BOTH the Conservatives and Labour are braced for a backlash from voters over Brexit.

The results of the European elections are due to be announced in the early hours of tomorrow morning.

Polls suggest Nigel Farage’s Brexit Party are on course for victory.

The Lib Dems, from the opposite side of the Brexit divide, are also expected to pick up votes.

Brighton and Hove’s turnout of 46.83 per cent was high, with 91,734 votes cast out of a total electorate of 195,874.

The national turnout is projected to be about 38 per cent.

The European elections took place almost three years after the UK voted to leave the EU because of Theresa May’s failure to get her Brexit deal through Parliament, and could deliver a damaging blow for the Tories after a distinctly lacklustre campaign.

Prominent Conservative MEP Daniel Hannan said he feared the party was facing “total wipeout” and would be left without any representation at all.

The Brexiteer, who has been a member for South East England since 1999, said he suspected the party would be left with “zero MEPs” following the poll.

Seventy-three MEPs will be elected to represent the UK, with England, Scotland and Wales using a form of proportional representation and Northern Ireland using the single transferable vote method.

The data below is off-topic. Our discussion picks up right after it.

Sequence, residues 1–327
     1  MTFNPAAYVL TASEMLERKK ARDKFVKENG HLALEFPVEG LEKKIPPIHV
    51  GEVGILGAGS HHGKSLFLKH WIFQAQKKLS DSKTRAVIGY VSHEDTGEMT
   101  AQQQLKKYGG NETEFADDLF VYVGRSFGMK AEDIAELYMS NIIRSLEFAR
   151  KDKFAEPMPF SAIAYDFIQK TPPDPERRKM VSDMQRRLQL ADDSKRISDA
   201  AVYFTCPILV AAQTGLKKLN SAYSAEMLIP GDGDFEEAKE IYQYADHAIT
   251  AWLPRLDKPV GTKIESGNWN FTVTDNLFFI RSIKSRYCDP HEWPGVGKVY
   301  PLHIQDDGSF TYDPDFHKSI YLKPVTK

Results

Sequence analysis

Mr Farage, who is standing in the South East constituency, said: “If you want Brexit, you’ve got to vote Brexit. We did it once, they ignored us, so we’re going to tell them again.”

In a polling day video message, Labour leader Jeremy Corbyn warned “the far right is on the rise” and Britain was “at a crossroads”. He said: “The actions we take now will have huge consequences for our future.”

On a campaign visit to Worthing last week, he said: “This Government can’t last long.

“And so, get ready for a general election.”

But in a sign of Labour’s divisions over Brexit, pro-EU MPs Wes Streeting and Ben Bradshaw both spoke of difficult doorstep experiences.

Former Cabinet minister Mr Bradshaw said it was “dispiriting” to see Labour voters “flocking” to the Remain-supporting Greens and Lib Dems, while Mr Streeting said it was “not the easiest of polling days”.

Writing in The Observer, deputy Labour leader Tom Watson said the party was “braced with a sense of despair” and blamed Labour’s ambiguous position on a second Brexit referendum for losing votes.

Results are due to be announced after 10pm tonight, when the final polls closed across Europe.